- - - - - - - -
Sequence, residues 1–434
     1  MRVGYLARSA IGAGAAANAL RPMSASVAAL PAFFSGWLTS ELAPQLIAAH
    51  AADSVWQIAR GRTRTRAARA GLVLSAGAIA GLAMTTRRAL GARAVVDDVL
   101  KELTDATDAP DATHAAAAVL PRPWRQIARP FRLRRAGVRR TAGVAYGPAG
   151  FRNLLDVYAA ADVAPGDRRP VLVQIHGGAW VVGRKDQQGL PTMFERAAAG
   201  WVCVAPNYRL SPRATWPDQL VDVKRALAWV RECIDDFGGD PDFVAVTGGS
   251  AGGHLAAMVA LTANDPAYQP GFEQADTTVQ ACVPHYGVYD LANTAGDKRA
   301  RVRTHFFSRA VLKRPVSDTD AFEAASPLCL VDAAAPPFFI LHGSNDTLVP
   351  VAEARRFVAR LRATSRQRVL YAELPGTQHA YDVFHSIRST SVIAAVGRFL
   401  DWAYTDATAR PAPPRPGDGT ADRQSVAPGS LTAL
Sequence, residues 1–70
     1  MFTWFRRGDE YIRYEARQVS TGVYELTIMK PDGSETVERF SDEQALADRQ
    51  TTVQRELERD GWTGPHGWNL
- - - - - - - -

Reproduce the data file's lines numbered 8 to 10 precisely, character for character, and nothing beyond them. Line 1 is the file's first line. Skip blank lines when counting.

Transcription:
   301  RVRTHFFSRA VLKRPVSDTD AFEAASPLCL VDAAAPPFFI LHGSNDTLVP
   351  VAEARRFVAR LRATSRQRVL YAELPGTQHA YDVFHSIRST SVIAAVGRFL
   401  DWAYTDATAR PAPPRPGDGT ADRQSVAPGS LTAL